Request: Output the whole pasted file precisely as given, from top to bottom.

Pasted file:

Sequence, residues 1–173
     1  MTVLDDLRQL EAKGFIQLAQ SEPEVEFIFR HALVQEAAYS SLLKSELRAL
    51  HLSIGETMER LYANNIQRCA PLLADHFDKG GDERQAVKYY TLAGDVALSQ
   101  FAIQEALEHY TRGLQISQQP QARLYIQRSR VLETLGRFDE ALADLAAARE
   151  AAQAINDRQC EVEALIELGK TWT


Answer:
Sequence, residues 1–173
     1  MTVLDDLRQL EAKGFIQLAQ SEPEVEFIFR HALVQEAAYS SLLKSELRAL
    51  HLSIGETMER LYANNIQRCA PLLADHFDKG GDERQAVKYY TLAGDVALSQ
   101  FAIQEALEHY TRGLQISQQP QARLYIQRSR VLETLGRFDE ALADLAAARE
   151  AAQAINDRQC EVEALIELGK TWT